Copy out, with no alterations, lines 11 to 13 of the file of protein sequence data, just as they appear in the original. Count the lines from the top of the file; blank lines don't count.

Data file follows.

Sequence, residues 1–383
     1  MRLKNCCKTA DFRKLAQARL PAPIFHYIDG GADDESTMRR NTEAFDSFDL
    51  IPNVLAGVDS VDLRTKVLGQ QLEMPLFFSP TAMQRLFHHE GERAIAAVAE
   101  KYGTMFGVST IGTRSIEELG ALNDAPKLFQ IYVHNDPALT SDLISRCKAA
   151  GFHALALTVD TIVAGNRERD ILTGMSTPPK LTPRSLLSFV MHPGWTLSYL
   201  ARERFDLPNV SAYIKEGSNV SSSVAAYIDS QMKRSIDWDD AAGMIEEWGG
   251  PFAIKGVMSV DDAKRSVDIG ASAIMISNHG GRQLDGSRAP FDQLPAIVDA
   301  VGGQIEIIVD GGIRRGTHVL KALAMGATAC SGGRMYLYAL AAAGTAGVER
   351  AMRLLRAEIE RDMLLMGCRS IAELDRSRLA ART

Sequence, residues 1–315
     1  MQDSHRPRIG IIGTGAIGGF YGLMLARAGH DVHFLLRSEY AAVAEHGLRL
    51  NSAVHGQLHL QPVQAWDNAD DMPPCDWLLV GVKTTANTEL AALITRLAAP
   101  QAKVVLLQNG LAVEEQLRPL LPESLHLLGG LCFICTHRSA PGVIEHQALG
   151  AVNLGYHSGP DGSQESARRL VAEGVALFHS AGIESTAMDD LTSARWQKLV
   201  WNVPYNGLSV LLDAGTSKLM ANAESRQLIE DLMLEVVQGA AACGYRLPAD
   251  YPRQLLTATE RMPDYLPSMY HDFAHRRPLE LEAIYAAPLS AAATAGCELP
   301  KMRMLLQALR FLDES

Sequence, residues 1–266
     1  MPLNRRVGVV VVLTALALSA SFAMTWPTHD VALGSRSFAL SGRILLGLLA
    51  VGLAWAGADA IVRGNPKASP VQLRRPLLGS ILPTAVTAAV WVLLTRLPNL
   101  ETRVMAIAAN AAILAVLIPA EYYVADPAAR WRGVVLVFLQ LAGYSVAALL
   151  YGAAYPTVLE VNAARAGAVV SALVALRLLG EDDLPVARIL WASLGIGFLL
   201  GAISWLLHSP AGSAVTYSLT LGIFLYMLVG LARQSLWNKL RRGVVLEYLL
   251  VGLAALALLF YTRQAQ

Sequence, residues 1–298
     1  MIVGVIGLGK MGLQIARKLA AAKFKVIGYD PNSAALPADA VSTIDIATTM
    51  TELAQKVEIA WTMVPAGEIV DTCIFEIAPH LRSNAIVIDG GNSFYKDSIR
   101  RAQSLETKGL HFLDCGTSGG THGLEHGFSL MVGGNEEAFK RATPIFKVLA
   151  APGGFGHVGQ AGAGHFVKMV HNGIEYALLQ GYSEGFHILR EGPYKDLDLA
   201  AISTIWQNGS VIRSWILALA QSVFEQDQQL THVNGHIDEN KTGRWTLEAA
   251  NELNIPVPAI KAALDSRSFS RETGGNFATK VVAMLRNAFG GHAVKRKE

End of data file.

     1  MQDSHRPRIG IIGTGAIGGF YGLMLARAGH DVHFLLRSEY AAVAEHGLRL
    51  NSAVHGQLHL QPVQAWDNAD DMPPCDWLLV GVKTTANTEL AALITRLAAP
   101  QAKVVLLQNG LAVEEQLRPL LPESLHLLGG LCFICTHRSA PGVIEHQALG